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IR IMAGING DEVICE on the cheap

Discussion in 'LEDs and Optoelectronics' started by HANKMARS, Jan 5, 2020.

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  1. HANKMARS

    HANKMARS

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    Jul 28, 2019
    I seriously desire to have an IR imaging device to use to observe circuitry when powered up so as to get hints of trouble spots. However, my desire to not spend $1K and up supersedes the former desire. I currently believe that an off the shelf $100 digital camera and the proper filters and a little hetrodyning could give me excellent results. Am I out of line here? A little overboard? Or can I construct a valuable tool for say $150?
     
  2. Harald Kapp

    Harald Kapp Moderator Moderator

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    Nov 17, 2011
    My old digital camera "sees" infrared. Modern cameras often have built-in ir filters that block infrared. You may have to remove that filter which is a delicate operation (Google for tips).
    Adding a new, ir transparent filte ris a must to block visible light. My old camera had become very insensitive with this setup requiring rather long exposures to get acceptable images.
    If you have an old camera lying around give it a try. Do not be dissappointed if the results are less clear than expected.
     
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  3. Alec_t

    Alec_t

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    Jul 7, 2015
    Have you considered a cheap-ish night-vision security camera? (Not sure if they block normal daylight.)
    These modules (or similar) are available with and without an IR filter. Perhaps use the difference between their outputs?
     
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  4. HANKMARS

    HANKMARS

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    Jul 28, 2019
    Very interesting. My little Fuji digital may well be 10 years old. Not sure what you were considering old when you mentioned yours.A few years ago I took some shots of a lunar eclipse. For a hundred dollar camera, I found the results very impressive. Nowhere near quality for publishing but would even pick up crater images. When I had one of these lunar shots in an editor, I raised the exposure level, or maybe it was contrast, beyond any usefulness as far as the moon's image was concerned. But quite surprisingly, the stars came out. Millions. The camera had recorded the star images but was catering to my eyeball and the settings that I had programmed in. I believe I will not operate on my current camera but rather find a used camera or better yet buy a new low to mid range quality camera and experiment with it. I gather that any IR filter will be an independent piece. I wonder what the actual resolution of the photo chip or photo plate must be. Seems like it could be almost at an atomic level limited only by the size section that the electronics pull up as a pixel.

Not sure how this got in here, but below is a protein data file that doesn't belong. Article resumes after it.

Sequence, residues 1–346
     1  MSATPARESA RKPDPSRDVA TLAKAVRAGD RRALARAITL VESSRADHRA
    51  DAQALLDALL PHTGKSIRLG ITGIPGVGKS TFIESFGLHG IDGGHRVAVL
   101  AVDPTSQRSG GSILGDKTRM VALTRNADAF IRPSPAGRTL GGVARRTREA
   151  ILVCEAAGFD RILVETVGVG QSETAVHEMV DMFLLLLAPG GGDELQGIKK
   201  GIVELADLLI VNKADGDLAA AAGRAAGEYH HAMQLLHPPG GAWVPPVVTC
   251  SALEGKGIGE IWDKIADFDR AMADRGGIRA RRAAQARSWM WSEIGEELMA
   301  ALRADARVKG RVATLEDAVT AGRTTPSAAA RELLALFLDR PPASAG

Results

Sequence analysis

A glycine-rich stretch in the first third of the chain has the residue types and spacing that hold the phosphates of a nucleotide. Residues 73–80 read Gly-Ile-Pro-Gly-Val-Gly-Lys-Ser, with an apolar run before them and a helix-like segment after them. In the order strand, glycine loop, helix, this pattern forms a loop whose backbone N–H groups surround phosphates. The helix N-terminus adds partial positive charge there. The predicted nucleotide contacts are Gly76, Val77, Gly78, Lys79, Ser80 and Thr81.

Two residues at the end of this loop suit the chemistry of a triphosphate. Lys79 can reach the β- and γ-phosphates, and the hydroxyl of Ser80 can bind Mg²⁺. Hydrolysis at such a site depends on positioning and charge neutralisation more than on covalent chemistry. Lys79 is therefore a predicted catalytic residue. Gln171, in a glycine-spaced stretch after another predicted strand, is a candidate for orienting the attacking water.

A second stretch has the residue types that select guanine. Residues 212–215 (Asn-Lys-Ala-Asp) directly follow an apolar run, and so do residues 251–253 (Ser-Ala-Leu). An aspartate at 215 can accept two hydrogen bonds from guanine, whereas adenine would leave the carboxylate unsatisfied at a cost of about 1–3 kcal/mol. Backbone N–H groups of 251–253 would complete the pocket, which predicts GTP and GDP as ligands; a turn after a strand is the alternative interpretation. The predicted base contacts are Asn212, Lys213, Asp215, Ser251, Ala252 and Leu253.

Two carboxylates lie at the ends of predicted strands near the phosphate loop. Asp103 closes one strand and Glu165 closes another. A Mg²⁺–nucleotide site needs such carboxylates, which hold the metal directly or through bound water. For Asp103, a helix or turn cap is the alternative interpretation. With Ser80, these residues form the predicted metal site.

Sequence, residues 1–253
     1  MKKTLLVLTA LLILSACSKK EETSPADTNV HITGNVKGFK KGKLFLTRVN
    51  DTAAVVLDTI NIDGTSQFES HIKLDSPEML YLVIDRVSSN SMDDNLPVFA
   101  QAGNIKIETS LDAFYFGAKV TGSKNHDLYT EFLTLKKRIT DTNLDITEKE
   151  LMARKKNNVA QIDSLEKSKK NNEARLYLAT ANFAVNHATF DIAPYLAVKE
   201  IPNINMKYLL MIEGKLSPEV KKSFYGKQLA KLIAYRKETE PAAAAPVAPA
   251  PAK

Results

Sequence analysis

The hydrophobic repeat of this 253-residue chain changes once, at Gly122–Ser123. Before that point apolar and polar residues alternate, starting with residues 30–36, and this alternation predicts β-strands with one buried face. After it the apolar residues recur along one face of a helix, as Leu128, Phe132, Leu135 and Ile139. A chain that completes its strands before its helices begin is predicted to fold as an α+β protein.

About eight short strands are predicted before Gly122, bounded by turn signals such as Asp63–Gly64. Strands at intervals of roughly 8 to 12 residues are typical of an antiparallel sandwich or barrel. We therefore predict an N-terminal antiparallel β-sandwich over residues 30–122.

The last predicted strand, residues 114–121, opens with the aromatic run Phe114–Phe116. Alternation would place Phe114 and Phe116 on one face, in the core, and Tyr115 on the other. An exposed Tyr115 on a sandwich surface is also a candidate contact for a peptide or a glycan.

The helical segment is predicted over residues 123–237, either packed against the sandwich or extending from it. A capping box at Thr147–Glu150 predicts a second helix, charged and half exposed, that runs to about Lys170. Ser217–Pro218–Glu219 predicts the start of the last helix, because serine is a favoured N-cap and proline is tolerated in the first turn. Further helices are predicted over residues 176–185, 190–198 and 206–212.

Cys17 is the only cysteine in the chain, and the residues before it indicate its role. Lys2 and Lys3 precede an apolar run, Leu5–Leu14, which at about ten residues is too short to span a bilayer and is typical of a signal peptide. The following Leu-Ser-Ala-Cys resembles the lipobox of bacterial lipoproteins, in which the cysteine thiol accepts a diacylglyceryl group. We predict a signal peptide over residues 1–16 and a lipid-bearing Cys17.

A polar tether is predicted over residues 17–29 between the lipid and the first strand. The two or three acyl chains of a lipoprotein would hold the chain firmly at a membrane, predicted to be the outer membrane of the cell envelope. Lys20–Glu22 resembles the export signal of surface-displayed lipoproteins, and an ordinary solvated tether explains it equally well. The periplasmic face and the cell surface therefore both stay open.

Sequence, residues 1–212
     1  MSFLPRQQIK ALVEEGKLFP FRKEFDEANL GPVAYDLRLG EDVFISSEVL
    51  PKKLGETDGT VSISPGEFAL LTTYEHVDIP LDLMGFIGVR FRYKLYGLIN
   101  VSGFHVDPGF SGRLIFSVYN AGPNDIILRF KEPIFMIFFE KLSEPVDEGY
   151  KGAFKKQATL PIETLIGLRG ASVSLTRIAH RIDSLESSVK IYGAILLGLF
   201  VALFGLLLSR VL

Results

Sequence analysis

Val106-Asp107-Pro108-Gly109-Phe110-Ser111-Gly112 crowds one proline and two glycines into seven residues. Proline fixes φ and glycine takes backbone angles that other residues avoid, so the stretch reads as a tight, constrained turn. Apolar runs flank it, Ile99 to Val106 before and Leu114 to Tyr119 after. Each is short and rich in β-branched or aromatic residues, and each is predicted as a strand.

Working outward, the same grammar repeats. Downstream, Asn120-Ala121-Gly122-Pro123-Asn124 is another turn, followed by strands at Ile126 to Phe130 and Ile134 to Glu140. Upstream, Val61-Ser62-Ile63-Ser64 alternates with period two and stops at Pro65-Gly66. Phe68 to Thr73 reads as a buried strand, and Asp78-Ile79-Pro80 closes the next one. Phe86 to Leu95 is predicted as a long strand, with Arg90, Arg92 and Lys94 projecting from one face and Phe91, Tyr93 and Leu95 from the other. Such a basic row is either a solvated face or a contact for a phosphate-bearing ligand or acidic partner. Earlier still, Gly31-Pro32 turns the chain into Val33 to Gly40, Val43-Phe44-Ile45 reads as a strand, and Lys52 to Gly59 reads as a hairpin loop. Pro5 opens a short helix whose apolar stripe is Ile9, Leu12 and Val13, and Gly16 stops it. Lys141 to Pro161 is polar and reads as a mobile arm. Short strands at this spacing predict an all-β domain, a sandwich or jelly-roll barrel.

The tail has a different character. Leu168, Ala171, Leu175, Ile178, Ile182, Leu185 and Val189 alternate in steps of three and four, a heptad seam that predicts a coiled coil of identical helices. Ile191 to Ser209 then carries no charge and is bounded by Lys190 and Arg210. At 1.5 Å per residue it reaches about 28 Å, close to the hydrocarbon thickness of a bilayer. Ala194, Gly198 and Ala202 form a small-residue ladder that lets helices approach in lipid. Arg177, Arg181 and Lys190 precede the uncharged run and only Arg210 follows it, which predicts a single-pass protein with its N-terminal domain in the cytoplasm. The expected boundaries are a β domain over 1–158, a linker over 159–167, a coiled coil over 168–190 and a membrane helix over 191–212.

5. HANKMARS

    HANKMARS

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    Jul 28, 2019
    Good idea. I do have some spare security cameras on hand. Using them would solve the problem I have of getting a live feed from my camera to my computer as the camera goes to a transmit mode and live imaging stops when the communication cable is plugged into its port. Thx.
     
  6. Tha fios agaibh

    Tha fios agaibh

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    Aug 11, 2014
    I've got an expensive Flir camera but alcohol works just as good for finding shorts on circuit boards.
     
  7. Bluejets

    Bluejets

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    Oct 5, 2014
    I've seen some on Youtube use common old web cameras as well with a mod to remove the IR filter.
    Some more difficult than others.
     
  8. Harald Kapp

    Harald Kapp Moderator Moderator

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    Nov 17, 2011
    16 years...
    Independent yes, but depending on the construction of the camera may be hard to remove. Care has to be taken not to destroy the sensor by this action.

    The advantage of a dedicated IR camera is that it will display temperatures as false colors which makes it easy to identify hot spots. The proposed DIY solution will show only different levels of brightness.
     
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  9. Harald Kapp

    Harald Kapp Moderator Moderator

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    Nov 17, 2011
    You can use a palette (called ironbow) to map brightness levels to the more familiar color pattern.
     
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